Thursday, November 17, 2011

Lynda Barry love, animals getting drunk, did I mention I'm an art school dropout?

I was a very creative little kid, which led to a lot of kits, and journals, (I believe I've blogged about those before) and various arts-n-crafts situations from distant family members. Some I used, some I didn't. I didn't really like other kids, I found most of their shenanigans insufferable, so I spent a lot of time doing stuff in front of the television or listening to books on tape. Creating stuff always came pretty naturally to me as a child, and then I grew up and went to art school (for a hot second) and found it really very difficult. Art school wanted me to investigate why I created, and how I could better that instinct, and most importantly, how I could make money off of that instinct. Those are all really important things to think about if you're pursuing art as a serious career; I have been working for Abstraks, which is an online art journal run by my friend Darius Loftis, in an interviewing capacity. In my work interviewing artists, I've found you really have to know you're stuff if you're planning on making this into a career choice.

I remember once in Art school, in one of my foundation classes, I spent hours making this digital collage that was supposed to reference this science fiction genre of comparing space to the final frontier, (this was a thinly veiled excuse to talk about my favourite television series of all time, Firefly, which is about space cowboys) and I was psyched about using photoshop, something I had been teaching myself in my own time since high school (so now that I'm reading this I'm realizing that I am the hugest nerd in existence and should probably just be stopped). I spent so much time crafting this complicated vista of vintage photographs and stills from movies like "The Good, the Bad, and the Ugly" and "The Lone Ranger", and I really tried very hard to make this thing that spoke to my interests in a format that I understood, and of course, the teacher didn't get it. It was about space? But cowboys? What was the deeper meaning here, what did space and cowboys represent to me? I was incredulous. My narrative was falling on deaf ears, but more than that, I myself didn't really know what I was talking about, and I had hoped that art school would help me figure that out. When it didn't, I left.

I never stopped thinking about it, though. I don't know why I personally create. Some of us don't, I suppose. To some of us it might just be a natural form of communication; my parents are both quietly creative, my mom writes a little, my dad is a master color-er. I learned pretty early that art makes people happy; not necessarily the content, but the fact of art. Draw somebody a picture sometime, watch their reaction. It doesn't have to be what you would call "good". Around here I'm known as a pretty serious doodler. I recently made some silly art for a friend's kitchen, and she remarked that her last apartment had practically been a museum for another artist friend. I said, "You should make your current place into a similar museum; Billy-Bob (names have been changed to protect the innocent) is a much better artist than I am." My friend replied, "Billy-bob is a very good painter, but she's not as silly as you. Much fewer animals getting drunk." Sure enough, there's a monkey in a bow tie drinking a glass of wine on the piece I made for her. It's not fine art, but its definitely a line drawing of a monkey drinking a glass of wine. Just the fact that it's good for nothing else makes it art, and I stand by that sentiment. And when she looked at it, she got jazzed about that monkey drinking that wine. Come on! It's a monkey drinking wine! What's not to love?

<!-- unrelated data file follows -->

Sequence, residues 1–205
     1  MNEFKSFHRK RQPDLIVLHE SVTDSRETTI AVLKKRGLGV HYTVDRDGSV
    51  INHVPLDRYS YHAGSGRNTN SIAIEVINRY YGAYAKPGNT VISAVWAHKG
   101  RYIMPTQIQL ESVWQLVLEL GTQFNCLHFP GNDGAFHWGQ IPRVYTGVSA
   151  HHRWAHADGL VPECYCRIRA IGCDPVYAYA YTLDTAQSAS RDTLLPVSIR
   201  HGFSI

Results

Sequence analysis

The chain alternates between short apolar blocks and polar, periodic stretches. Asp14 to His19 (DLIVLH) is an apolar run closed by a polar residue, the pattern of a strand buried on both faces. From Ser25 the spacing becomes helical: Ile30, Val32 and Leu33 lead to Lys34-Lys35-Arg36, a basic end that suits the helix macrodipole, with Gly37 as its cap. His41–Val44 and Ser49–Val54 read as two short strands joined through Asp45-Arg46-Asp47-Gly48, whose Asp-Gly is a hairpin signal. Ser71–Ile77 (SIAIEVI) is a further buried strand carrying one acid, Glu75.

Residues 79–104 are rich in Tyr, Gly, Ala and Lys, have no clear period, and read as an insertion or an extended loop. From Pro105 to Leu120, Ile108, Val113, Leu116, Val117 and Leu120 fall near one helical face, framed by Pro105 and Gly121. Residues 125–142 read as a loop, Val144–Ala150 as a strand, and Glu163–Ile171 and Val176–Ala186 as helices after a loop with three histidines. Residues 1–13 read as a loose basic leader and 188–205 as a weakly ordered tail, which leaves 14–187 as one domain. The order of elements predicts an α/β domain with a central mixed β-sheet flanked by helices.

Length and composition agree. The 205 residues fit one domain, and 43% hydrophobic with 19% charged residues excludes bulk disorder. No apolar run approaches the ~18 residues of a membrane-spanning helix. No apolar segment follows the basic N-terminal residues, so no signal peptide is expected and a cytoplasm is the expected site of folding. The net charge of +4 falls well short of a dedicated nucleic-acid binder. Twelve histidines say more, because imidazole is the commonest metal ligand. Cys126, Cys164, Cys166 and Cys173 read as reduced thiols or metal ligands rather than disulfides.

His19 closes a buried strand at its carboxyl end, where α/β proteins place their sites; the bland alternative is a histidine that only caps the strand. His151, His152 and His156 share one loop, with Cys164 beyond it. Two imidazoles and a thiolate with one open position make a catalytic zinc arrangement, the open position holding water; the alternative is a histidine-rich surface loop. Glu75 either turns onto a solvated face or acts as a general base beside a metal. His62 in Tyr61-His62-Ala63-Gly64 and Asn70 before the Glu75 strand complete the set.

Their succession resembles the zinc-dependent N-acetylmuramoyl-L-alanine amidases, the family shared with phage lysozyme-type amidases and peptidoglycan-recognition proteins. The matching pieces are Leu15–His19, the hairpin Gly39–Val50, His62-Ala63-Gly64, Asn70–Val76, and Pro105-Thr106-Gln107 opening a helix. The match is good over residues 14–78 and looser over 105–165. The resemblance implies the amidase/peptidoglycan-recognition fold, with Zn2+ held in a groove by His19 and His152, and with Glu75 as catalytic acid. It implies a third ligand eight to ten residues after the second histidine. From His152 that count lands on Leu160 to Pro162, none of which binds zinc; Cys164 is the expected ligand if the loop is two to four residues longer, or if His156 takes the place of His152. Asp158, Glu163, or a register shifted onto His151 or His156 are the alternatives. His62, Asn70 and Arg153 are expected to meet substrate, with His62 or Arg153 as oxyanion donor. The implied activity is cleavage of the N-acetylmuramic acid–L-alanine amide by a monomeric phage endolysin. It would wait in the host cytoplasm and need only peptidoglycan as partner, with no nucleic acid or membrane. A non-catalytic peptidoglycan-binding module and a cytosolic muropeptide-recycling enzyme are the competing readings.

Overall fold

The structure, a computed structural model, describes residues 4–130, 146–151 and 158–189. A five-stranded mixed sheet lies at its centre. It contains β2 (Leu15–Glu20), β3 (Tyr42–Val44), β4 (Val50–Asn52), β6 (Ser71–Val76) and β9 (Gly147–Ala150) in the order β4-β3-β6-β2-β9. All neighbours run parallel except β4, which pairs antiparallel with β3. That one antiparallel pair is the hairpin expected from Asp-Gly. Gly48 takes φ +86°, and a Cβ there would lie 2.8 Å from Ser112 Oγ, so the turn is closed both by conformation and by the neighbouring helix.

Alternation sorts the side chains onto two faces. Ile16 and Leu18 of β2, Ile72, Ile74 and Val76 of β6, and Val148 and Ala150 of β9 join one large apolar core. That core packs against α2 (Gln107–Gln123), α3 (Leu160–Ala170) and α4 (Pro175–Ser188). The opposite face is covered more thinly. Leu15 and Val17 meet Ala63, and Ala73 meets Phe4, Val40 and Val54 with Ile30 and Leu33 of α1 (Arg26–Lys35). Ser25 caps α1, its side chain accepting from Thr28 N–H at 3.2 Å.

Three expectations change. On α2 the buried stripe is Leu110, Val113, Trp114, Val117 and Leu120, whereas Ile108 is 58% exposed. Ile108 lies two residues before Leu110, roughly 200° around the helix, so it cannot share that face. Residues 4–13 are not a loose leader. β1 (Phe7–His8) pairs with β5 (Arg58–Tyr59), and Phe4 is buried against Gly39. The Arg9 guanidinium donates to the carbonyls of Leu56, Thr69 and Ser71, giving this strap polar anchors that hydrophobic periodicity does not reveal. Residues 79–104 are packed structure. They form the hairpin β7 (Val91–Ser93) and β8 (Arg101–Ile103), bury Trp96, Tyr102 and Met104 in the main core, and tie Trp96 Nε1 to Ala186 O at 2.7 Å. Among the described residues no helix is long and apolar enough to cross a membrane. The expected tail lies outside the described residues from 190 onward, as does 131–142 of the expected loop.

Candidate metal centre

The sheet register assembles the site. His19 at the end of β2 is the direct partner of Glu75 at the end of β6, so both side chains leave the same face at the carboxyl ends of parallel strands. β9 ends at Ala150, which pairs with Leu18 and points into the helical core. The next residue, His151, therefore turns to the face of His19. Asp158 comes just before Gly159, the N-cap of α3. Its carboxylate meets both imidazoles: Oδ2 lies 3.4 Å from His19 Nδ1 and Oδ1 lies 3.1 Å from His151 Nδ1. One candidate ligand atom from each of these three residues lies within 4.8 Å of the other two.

The point I'm getting at is: Art don't always have to be beautiful, friends. I don't mean in the feelings department; sure, art can be used to manipulate emotions in a bevy of different ways, and I don't mean to shock you, but sometimes art is not meant to make you feel good. But you guys aren't dummies, you know that, you've listened to Joni Mitchell, you know the drill. I'm just worried that sometimes we don't let ourselves create because we think what we're going to create is going to be 'bad' or not look good. If that's you, then let me hip you to the groove of one Lynda Barry, author of these books and a few more:

Lynda Barry gets me, you guys. I've mentioned her on here before on my list of Greatest Booksmith Author Events I've Ever Attended, and she is truly the queen of creation. Barry addresses any and all of your qualms about Makin' Stuff and Bein' Artsy, not only does she address them but she lets you in on her own creative angst, to boot. Her creative angst! This, from an amazing woman who's published several graphic novels and a few fictional ones. And yet, she too, lets herself get in her way sometimes. I love Lynda Barry, I hope everyone who longs to make stuff reads her books and starts a-makin' in their own way, at their own speed. The books themselves are pretty gorg, too boot - I'm batting my eyelashes at you, gift book lookers-for. Yeah. You heard me. I would get this for any Empty Nesters Looking To Expand Their Suddenly Free Time and Young Family Members That Sorta Like Reading And Being Alone. I'm totally kidding, you see right through me, internets. I would get these books for anyone, ever, that's how much I love them. I don't just love them, I loooooooooooove them. I wanna leave an anonymous note in their locker and then never make eye contact with them again for as long as I live. You know, usual adult stuff. You know.

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